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Am J Respir Crit Care Med. 2016 Dec 15;194(12):1483-1493.

The 6-Minute-Walk Distance Test as a Chronic Obstructive Pulmonary Disease Stratification Tool. Insights from the COPD Biomarker Qualification Consortium.

Author information

1
1 Brigham and Women's Hospital, Harvard Medical School, Boston, Massachusetts.
2
2 Boehringer Ingelheim, Ingelheim, Germany.
3
3 Department of Sports Medicine, University of Tuebingen, Tuebingen, Germany.
4
4 Temple University Medical Center, Philadelphia, Pennsylvania.
5
5 National Institute for Health Research Respiratory Biomedical Research Unit at the Royal Brompton and Harefield National Health Service Foundation Trust and Imperial College, London, United Kingdom.
6
6 University of Pittsburgh Medical Center, Pittsburgh, Pennsylvania.
7
7 Rehabilitation Clinical Trials Center, Los Angeles Biomedical Research Institute at Harbor-UCLA Medical Center, Torrance, California.
8
8 GlaxoSmithKline Research and Development, King of Prussia, Pennsylvania.
9
9 Evidera, Bethesda, Maryland.
10
10 COPD Foundation, Washington, District of Columbia; and.
11
11 Division of Pulmonary, Allergy, Sleep and Critical Care Medicine, University of Nebraska Medical Center, Omaha, Nebraska.

Abstract

RATIONALE:

The 6-minute-walk distance (6MWD) test predicts mortality in chronic obstructive pulmonary disease (COPD). Whether variability in study type (observational vs. interventional) or region performed limits use of the test as a stratification tool or outcome measure for therapeutic trials is unclear.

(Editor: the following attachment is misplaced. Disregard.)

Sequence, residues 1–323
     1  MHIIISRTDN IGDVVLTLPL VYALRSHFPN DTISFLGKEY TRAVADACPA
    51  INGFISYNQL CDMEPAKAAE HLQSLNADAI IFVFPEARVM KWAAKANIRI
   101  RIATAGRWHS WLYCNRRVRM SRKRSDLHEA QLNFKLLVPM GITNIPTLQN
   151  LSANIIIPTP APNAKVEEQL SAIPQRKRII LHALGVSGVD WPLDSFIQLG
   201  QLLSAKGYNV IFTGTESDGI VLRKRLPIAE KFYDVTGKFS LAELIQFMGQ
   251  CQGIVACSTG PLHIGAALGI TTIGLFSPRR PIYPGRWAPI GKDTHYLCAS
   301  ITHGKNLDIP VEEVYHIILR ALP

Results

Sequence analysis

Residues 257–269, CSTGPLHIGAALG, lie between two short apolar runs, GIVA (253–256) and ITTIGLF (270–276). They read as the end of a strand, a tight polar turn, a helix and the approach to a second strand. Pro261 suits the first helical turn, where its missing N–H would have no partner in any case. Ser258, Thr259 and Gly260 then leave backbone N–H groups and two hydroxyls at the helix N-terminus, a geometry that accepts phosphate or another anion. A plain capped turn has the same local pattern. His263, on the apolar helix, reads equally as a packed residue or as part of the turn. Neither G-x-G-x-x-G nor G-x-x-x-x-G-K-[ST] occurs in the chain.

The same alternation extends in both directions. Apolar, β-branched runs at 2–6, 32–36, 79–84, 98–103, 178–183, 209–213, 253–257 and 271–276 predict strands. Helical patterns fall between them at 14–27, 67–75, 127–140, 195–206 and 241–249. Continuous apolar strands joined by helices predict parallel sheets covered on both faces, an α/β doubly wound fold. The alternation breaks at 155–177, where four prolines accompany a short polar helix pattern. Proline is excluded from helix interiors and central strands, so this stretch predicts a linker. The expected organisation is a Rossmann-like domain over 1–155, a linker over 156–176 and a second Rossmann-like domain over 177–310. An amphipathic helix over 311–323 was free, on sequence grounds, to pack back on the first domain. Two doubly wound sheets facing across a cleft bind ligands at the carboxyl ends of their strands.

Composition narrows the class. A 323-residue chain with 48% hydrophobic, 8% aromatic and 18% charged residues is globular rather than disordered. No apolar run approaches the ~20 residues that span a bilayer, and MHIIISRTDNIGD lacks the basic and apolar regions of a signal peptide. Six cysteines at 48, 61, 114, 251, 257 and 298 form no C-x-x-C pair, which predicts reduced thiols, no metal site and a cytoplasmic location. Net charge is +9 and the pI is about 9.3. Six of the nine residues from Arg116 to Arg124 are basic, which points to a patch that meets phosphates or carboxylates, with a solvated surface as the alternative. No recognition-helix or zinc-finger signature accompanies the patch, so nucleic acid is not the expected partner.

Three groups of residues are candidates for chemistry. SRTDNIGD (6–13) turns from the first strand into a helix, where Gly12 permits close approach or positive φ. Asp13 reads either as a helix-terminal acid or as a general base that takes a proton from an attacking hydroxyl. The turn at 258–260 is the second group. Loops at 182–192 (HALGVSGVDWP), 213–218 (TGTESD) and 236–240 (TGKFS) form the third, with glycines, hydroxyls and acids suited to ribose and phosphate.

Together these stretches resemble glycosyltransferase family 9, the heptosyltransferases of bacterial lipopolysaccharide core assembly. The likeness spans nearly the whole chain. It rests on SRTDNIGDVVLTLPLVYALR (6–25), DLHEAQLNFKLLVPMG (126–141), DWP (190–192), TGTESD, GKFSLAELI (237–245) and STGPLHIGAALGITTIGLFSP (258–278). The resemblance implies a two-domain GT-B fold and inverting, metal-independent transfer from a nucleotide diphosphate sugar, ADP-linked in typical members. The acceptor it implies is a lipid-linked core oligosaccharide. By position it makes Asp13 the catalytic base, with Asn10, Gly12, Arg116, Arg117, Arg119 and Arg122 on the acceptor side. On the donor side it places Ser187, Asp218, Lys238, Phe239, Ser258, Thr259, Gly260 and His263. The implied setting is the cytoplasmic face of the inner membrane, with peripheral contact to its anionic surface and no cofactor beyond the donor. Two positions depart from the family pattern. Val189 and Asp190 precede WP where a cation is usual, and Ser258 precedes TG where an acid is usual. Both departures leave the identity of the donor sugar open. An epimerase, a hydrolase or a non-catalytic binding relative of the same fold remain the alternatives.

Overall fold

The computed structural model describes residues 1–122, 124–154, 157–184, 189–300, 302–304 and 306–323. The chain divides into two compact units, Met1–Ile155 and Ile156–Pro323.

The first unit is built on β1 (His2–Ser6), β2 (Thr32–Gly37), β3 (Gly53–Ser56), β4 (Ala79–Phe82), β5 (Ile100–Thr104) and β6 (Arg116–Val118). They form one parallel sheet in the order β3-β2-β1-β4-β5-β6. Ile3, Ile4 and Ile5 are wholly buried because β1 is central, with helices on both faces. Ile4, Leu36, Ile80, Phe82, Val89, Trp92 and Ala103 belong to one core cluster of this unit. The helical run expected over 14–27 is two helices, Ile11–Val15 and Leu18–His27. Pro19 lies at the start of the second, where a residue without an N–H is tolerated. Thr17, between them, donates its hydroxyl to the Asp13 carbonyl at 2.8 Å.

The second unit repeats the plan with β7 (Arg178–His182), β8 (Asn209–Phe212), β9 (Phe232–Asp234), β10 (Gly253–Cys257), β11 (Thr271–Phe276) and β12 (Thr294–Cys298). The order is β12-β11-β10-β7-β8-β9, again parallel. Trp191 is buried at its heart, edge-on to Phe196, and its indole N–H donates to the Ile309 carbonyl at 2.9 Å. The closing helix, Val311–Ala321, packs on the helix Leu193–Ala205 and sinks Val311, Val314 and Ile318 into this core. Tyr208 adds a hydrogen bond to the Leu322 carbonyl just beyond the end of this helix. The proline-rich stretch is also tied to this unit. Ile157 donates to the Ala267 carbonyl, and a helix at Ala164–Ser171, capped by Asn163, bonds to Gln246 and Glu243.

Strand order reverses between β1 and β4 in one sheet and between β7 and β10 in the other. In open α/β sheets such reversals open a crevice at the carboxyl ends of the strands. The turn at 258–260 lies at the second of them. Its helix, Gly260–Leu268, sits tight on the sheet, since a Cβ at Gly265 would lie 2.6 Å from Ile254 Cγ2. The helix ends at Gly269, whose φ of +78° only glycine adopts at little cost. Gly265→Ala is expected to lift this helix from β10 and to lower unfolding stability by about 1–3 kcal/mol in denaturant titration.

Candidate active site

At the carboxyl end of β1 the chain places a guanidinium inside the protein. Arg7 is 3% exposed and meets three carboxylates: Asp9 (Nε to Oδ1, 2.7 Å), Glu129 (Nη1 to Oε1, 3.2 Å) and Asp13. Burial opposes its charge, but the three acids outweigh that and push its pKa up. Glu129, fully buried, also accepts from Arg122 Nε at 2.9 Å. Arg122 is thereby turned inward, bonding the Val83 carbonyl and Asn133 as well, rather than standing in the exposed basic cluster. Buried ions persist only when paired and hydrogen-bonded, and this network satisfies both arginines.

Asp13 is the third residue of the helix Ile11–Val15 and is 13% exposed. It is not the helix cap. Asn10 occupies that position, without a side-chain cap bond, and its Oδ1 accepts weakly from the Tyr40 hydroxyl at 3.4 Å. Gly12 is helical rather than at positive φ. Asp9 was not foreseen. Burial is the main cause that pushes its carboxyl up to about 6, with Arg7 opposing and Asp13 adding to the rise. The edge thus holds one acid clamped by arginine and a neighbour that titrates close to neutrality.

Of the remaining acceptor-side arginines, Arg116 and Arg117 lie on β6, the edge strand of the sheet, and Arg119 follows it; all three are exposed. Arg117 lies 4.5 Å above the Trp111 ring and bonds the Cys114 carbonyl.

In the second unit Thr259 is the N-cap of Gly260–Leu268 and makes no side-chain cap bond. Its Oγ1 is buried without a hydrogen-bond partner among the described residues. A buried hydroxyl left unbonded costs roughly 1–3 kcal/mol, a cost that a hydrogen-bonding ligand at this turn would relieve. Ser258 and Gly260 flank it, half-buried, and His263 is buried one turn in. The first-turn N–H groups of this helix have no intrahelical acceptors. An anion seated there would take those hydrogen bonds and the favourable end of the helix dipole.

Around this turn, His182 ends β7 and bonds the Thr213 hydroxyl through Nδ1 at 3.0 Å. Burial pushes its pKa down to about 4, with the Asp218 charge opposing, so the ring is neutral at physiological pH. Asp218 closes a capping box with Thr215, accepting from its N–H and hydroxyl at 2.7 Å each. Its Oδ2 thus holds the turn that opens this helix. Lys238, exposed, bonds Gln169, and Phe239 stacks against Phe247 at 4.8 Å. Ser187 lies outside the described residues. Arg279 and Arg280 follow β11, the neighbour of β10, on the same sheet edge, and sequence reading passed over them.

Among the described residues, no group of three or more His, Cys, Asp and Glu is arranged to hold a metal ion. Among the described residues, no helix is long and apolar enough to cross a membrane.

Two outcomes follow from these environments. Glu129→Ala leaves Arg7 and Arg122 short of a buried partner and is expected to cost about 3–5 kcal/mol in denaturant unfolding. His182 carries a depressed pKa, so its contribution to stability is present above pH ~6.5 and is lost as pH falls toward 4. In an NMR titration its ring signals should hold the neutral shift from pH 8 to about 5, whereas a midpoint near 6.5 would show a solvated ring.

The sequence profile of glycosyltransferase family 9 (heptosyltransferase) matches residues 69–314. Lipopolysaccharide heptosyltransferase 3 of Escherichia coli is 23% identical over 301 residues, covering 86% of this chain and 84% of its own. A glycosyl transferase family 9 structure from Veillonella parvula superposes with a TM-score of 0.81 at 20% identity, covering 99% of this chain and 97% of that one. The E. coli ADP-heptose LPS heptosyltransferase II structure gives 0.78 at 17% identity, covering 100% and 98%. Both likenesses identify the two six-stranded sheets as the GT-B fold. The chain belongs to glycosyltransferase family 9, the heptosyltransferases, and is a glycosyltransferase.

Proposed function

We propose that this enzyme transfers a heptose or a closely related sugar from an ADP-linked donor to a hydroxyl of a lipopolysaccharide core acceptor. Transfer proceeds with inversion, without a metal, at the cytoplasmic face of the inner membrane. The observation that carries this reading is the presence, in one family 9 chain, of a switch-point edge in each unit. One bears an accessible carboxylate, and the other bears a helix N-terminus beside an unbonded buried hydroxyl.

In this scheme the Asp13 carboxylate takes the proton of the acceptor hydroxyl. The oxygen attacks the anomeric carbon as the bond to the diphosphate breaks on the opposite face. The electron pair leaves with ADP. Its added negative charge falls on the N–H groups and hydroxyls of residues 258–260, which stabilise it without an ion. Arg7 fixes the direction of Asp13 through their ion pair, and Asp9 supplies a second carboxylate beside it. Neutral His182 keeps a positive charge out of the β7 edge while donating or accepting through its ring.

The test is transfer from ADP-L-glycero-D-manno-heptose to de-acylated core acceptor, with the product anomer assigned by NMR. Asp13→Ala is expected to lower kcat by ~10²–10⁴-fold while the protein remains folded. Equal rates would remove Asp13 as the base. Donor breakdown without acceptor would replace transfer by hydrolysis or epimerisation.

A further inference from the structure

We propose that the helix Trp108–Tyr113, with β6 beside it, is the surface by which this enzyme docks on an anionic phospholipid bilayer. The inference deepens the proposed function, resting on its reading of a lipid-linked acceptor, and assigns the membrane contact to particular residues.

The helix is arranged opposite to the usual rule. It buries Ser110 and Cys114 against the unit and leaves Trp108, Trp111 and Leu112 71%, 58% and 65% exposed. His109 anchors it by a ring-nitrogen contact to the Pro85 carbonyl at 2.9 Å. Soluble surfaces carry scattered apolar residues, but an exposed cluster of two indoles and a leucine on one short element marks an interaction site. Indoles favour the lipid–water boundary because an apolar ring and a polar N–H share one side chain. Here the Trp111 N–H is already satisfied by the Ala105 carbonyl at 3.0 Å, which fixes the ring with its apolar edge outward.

OBJECTIVES:

To analyze the original data from several large observational studies and from randomized clinical trials with bronchodilators to support the qualification of the 6MWD test as a drug development tool in COPD.

METHODS:

Original data from 14,497 patients with COPD from six observational (n = 9,641) and five interventional (n = 4,856) studies larger than 100 patients and longer than 6 months in duration were included. The geographical, anthropometrics, FEV1, dyspnea, comorbidities, and health status scores were measured. Associations between 6MWD and mortality, hospitalizations, and exacerbations adjusted by study type, age, and sex were evaluated. Thresholds for outcome prediction were calculated using receiver operating curves. The change in 6MWD after inhaled bronchodilator treatment and surgical lung volume reduction were analyzed to evaluate the responsiveness of the test as an outcome measure.

MEASUREMENTS AND MAIN RESULTS:

The 6MWD was significantly lower in nonsurvivors, those hospitalized, or who exacerbated compared with those without events at 6, 12, and greater than 12 months. At these time points, the 6MWD receiver operating characteristic curve-area under the curve to predict mortality was 0.71, 0.70, and 0.68 and for hospitalizations was 0.61, 0.60, and 0.59, respectively. After treatment, the 6MWD was not different between placebo and bronchodilators but increased after surgical lung volume reduction compared with medical therapy. Variation across study types (observational or therapeutic) or regions did not confound the ability of 6MWD to predict outcome.

CONCLUSIONS:

The 6MWD test can be used to stratify patients with COPD for clinical trials and interventions aimed at modifying exacerbations, hospitalizations, or death.

KEYWORDS:

6-minute-walk distance; chronic obstructive pulmonary disease; outcomes

PMID:
27332504
PMCID:
PMC5215028
DOI:
10.1164/rccm.201508-1653OC
[Indexed for MEDLINE]
Free PMC Article

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